I personally chose another strategy. I opened 8333 and forwarded to one of my computers, which is on most of the time. Now whenever I want to use a client on another computer, I just start it with -addnode=my external IP. What this does, is connects it to that computer which is on most of the time. Since it has up to date blockchain and my client on the other computer doesn't have to wonder halfway around the globe looking for nodes, download starts immediately.

Good Morning mewants:
1.is the wallet.dat interchangeable btwn mac and pc clients?
2.when my desktop sleeps does it disconnect from internet?
3.what am i doing wrong with the bitcoin.conf file?  using Wordpad in plain text mode to addnode=*** IP addresses but doesn't seem to be working.  the .conf method is simpler than opening terminal commands since it should automatically run when opening client.
mewantsbitcoins
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May 28, 2011, 03:01:58 PM
 #69

Good morning
1. Yes, you can use walllet.dat on Linux, OS X and Windows
2. Depends on OS and "what kind of sleep" but generally yes.
3. That is a good question. What OS are you on at the moment? If it's mac, did you put it in
Code:
/Users/username/Library/Application Support/Bitcoin/bitcoin.conf

I copied the whole sample code from https://en.bitcoin.it/wiki/Running_Bitcoin . Alter settings to your needs. It worked well for me.
cypherdoc
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May 28, 2011, 03:43:13 PM
 #70

Good morning
1. Yes, you can use walllet.dat on Linux, OS X and Windows
2. Depends on OS and "what kind of sleep" but generally yes.
3. That is a good question. What OS are you on at the moment? If it's mac, did you put it in
Code:
/Users/username/Library/Application Support/Bitcoin/bitcoin.conf

I copied the whole sample code from https://en.bitcoin.it/wiki/Running_Bitcoin . Alter settings to your needs. It worked well for me.

so what i've done is tunneled my mac desktop at home to port 8333 and getting decent 12 connections while keeping empty client open and always connected with updated blockchain.  i'm using macbook pro with both macOS and win7 clients which have coins addnoding to this home external IP address.  am trying to get .conf to work since it should connect on client startup w/o laborious terminal commands however only getting 3 connections.  questions below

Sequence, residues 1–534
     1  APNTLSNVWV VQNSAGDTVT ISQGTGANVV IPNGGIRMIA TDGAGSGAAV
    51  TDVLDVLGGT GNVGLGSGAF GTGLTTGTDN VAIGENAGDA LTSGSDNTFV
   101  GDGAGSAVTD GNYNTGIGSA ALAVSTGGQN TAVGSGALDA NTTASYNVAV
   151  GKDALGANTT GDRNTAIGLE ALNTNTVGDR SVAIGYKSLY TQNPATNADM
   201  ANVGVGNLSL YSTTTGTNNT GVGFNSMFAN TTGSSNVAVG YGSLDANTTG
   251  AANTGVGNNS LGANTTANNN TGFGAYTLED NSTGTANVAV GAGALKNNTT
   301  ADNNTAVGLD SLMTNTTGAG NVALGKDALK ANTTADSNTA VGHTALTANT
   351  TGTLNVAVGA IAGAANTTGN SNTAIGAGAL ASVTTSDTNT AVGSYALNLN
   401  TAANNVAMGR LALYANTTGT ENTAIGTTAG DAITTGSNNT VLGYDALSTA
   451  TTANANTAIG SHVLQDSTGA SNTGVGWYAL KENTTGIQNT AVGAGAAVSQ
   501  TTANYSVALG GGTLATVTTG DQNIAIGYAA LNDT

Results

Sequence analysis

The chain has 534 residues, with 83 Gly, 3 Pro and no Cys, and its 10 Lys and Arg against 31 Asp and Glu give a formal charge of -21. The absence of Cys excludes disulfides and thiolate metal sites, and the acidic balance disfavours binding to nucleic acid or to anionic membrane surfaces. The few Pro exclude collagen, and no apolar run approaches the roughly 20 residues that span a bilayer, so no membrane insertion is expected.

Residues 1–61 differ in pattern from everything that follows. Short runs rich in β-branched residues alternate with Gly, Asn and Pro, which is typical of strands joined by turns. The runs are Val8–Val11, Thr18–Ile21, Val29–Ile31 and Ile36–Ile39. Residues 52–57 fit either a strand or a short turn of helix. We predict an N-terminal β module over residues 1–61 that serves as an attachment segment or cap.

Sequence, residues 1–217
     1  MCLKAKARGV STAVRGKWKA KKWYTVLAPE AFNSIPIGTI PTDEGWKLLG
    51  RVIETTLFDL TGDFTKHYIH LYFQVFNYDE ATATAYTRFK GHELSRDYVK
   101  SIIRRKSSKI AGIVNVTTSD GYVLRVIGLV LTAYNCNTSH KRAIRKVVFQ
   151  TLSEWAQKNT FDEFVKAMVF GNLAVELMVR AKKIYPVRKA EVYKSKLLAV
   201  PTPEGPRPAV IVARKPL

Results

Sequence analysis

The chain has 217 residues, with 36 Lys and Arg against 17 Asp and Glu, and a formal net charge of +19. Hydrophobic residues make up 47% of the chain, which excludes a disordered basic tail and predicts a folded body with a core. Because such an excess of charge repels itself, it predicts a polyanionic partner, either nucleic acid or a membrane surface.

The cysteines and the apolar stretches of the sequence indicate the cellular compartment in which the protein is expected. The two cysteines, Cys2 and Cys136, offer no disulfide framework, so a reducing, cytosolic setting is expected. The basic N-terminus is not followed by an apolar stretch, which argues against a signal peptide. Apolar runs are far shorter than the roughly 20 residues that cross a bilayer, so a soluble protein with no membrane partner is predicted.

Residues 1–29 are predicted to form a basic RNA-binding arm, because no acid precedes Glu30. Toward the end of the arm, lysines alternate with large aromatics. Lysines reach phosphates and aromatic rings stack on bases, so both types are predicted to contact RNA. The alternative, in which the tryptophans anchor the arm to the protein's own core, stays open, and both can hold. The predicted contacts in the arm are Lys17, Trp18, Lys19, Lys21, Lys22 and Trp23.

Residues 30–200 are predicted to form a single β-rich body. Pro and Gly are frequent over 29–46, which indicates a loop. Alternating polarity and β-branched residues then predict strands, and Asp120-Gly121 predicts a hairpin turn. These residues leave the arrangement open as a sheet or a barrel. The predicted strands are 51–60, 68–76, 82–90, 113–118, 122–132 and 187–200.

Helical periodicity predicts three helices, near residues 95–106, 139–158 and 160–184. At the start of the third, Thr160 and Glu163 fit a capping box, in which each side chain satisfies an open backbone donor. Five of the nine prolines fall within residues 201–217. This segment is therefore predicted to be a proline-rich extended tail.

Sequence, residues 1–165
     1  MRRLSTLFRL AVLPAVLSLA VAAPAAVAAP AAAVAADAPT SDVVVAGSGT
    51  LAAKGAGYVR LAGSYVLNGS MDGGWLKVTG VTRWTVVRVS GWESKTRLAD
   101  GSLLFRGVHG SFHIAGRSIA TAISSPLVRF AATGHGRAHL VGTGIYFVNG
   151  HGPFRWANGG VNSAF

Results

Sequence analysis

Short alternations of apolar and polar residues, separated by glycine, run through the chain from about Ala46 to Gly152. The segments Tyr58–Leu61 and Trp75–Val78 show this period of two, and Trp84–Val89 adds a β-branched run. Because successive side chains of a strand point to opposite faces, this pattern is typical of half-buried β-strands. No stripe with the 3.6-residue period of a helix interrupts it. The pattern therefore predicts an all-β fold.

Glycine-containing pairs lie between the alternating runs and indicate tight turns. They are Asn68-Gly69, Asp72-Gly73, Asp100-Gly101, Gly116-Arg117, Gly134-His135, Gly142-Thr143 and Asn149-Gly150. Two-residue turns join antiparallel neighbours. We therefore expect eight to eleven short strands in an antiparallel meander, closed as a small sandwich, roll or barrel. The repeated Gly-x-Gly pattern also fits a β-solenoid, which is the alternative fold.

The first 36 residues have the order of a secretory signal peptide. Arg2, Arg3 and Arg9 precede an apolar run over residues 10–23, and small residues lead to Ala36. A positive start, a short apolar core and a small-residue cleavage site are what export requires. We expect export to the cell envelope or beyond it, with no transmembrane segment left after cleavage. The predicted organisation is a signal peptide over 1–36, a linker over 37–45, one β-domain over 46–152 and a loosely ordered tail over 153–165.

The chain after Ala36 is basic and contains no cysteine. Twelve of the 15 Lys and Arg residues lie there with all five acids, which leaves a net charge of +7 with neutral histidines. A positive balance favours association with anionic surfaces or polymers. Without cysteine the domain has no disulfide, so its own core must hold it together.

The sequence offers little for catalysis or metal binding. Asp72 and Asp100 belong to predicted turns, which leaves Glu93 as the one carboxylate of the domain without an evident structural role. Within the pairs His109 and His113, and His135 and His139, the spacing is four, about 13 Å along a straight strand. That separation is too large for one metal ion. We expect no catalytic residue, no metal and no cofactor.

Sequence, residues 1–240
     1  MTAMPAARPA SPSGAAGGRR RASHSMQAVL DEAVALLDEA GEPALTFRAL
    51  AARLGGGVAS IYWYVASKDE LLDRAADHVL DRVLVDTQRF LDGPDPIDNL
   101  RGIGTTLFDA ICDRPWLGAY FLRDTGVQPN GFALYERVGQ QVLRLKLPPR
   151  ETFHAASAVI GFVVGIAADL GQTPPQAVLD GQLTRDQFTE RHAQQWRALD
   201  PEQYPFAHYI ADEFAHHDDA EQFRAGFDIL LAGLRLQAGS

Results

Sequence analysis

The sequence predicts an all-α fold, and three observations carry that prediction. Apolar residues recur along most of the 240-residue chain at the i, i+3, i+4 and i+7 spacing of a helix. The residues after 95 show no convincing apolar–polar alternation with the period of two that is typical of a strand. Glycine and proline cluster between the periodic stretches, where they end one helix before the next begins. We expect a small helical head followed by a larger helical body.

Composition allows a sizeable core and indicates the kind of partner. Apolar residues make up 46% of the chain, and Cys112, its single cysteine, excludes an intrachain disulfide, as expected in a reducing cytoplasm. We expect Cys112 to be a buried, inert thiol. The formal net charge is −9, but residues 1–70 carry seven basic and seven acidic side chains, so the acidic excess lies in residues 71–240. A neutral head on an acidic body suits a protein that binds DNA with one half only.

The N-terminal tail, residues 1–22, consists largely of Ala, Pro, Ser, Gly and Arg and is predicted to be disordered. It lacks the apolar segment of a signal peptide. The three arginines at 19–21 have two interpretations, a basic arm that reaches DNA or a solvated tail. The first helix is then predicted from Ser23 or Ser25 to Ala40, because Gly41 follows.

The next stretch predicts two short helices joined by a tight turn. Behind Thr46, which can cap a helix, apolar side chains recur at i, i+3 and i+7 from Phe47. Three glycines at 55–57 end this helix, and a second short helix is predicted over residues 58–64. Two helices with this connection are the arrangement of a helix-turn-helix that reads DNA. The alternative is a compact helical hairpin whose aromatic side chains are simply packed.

from the wiki regarding .conf file that i haven't seen mentioned on the thread:

 1.# Connect via a socks4 proxy
 #proxy=127.0.0.1:9050

 2.# Do not use Internet Relay Chat (irc.lfnet.org #bitcoin channel) to
 # find other peers.
 #noirc=1

3. # Listen for RPC connections on this TCP port:
 rpcport=8332

are these suggestions still applicable?

this is whats in my .conf which is in the right place:
addnode=70.177.29.71
addnode=69.164.218.197
addnode=178.79.147.99
addnode=64.22.103.150
addnode=109.75.176.226
addnode=99.27.237.13
noirc=1

mewantsbitcoins
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May 28, 2011, 04:09:13 PM
 #71

I think that's it. You won't be getting more than 8 connections if you can't bind your clients to 8333 port. If you have your external IP in .conf file this will allow your clients on Macbook and Win7 to instantly download the blockchain from your Mac desktop even if that's the only connection.
I would remove noirc=1 from .conf. If you leave it there it disables IRC peer discovery method. When you take your macbook with you to another network where you have access to port 8333, you'll benefit from being able to use this method.

1. This setting is for people who use proxies. The example "proxy=127.0.0.1:9050" is the way bitcoin can be used on Tor. Localhost acts like router/proxy.
2. Already mentioned - IRC peer discovery method
3. Is for controlling Bitcoin via Jason-RPC
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May 28, 2011, 04:42:29 PM
 #72

Seems to take a long time to get connections, when starting up the app on a mac.  but if I turn on generate I get a connection a little quicker

Set up the same thing..
http://bit.ly/btcrefs
Get more bitcoins.
cypherdoc